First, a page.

Draw like a mad man…
Your work will be better if you actually are.
If you want to learn to paint, learn to draw. In fine art, everything begins with sketching! In fact, almost everything in the world begins with a sketch; we just don’t realize it. Learn to draw. The more you do, the better you will become. Before there were words, there were drawings. Drawing is arguably more important than painting. It remains true that the better one can sketch, the better one will paint. This is why it is so important for artists draw as much as possible, and if you can, draw every day.
So much is told from a simple line, such as, projection of energy, inflections of movement, attitude and expression of a mark. Sketching techniques enable you to describe sensitive and delicate textures of soft objects, allows you to define how rough a thing is, its movement, power or cadence. In drawing, every technique and effect you can devise to sketch derives first from your mind and flows from your pencil!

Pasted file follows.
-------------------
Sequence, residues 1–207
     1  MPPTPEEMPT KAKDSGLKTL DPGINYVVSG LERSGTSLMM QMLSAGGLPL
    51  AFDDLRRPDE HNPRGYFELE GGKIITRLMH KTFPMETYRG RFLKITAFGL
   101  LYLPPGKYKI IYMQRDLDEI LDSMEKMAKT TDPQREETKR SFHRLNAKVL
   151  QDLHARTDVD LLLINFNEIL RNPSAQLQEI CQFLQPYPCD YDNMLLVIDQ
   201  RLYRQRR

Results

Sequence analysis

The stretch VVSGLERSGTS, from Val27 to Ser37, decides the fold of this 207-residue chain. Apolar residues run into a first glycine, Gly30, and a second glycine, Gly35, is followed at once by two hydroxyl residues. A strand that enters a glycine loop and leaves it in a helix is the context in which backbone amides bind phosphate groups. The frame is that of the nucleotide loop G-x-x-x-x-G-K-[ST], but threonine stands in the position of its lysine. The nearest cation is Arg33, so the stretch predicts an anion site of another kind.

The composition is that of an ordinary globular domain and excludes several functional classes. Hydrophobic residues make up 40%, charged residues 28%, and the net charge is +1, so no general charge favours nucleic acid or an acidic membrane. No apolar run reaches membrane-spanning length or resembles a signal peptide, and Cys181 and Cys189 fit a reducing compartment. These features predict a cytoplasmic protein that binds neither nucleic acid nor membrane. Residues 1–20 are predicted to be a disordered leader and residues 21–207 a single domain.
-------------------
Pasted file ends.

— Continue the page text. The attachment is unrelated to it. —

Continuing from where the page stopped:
A drawing is a very beautiful thing to examine and study. A well sketched drawing is an extraordinary piece of communication, which invites us to partake of, and enjoy. Drawings are truly interesting!
I graduated from high school in 1971. Immediately, I signed up to attend El Camino Community College in Gardena, California. I could not afford more than junior college tuition. Furthermore, I was not carrying enough units there, and I was enrolled only in art classes. Consequently, I was selected for induction into the armed services in the draft of 1972. My lottery number was 17 (birth day September 2). To avoid being drafted into the Army, I joined the U.S. Navy. I did receive my draft notice, but I had already enlisted in the Navy, so the Army could not take me.